Do we as Christian witnesses have a reward? We do, but not here on this earth. Our reward is eternal life with God in heaven—not because we were such good Christians, but because God saw fit to send His Spirit to work in us, that we might tell all we have seen and heard about Him. God is really rewarding His own work, because our witnessing is His grace in us. In Rev. 20:4 we read that those who were Christ’s workers on earth are now living and reigning with Him forever. And Matt. 10:32 says, “Whosoever therefore shall confess me before men, him will I confess also before my Father which is in heaven.” What a wonderful reward!

Originally Published in:
Vol. 29 No. 1 March 1969

The book of Proverbs was written by King Solomon to his young adult son. Solomon’s purpose in writing Proverbs was “that the generation to come might know them [God’s wonderful works]…that they might set their hope in God, and not forget the works of God, but keep his commandments” (Ps. 78:6–7). Throughout the book, Solomon […]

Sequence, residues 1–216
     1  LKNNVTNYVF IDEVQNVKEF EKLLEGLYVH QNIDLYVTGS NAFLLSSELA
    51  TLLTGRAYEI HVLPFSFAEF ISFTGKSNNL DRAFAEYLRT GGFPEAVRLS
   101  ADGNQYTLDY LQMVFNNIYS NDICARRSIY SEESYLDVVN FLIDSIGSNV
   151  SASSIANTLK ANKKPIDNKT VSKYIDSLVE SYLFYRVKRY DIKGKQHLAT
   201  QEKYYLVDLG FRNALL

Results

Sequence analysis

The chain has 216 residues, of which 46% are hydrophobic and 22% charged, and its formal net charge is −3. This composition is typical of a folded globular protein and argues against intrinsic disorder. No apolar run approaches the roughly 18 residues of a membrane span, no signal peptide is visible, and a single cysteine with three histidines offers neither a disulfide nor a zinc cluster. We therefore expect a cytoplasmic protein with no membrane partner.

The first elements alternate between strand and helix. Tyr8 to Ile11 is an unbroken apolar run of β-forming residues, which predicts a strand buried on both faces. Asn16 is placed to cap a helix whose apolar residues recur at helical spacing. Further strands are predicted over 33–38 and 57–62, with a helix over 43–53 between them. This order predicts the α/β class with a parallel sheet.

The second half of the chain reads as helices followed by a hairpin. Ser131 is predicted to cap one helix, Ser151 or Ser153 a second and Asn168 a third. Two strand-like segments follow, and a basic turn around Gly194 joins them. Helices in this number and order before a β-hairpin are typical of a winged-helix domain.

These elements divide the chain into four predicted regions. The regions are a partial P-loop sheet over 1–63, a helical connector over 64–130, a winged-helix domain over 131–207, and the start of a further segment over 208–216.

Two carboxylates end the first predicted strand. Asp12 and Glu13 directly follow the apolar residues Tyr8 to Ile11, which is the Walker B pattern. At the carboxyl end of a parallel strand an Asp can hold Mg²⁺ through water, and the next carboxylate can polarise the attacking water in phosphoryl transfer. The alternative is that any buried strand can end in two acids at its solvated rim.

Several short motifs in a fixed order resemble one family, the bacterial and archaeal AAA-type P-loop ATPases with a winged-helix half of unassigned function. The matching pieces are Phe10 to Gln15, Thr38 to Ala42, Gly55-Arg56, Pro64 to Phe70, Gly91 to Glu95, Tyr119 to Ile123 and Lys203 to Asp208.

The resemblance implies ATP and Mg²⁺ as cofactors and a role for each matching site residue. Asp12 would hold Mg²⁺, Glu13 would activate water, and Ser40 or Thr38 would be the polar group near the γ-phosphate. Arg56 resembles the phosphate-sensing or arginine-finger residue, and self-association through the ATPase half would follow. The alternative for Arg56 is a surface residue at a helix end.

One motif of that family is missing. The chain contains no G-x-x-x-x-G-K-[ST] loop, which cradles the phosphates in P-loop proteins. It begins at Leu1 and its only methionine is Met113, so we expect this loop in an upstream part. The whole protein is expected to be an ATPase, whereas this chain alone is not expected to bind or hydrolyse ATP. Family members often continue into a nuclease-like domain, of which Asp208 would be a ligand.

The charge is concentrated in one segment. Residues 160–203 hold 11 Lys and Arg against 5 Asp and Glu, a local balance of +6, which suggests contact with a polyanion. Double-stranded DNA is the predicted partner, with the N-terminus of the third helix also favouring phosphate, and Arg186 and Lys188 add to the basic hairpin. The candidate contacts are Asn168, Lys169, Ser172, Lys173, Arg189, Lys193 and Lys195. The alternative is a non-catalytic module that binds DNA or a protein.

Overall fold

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The group of churches that John writes to in this trio of epistles had recently experienced a split because of doctrinal controversy. We do not know the exact content of the error that these false teachers were spreading, but it is apparent from John’s writing that their teaching somehow denied the truth of the incarnation—that […]

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Jael: An Example of Christian Warfare

This article was originally presented as a speech at a Protestant Reformed mini convention held at Quaker Haven Camp in August 2021. Jael lived during the era of the judges. Deborah the prophetess was the judge who served Israel at the time of Jael. During this time, the Canaanites under the rule of king Jabin […]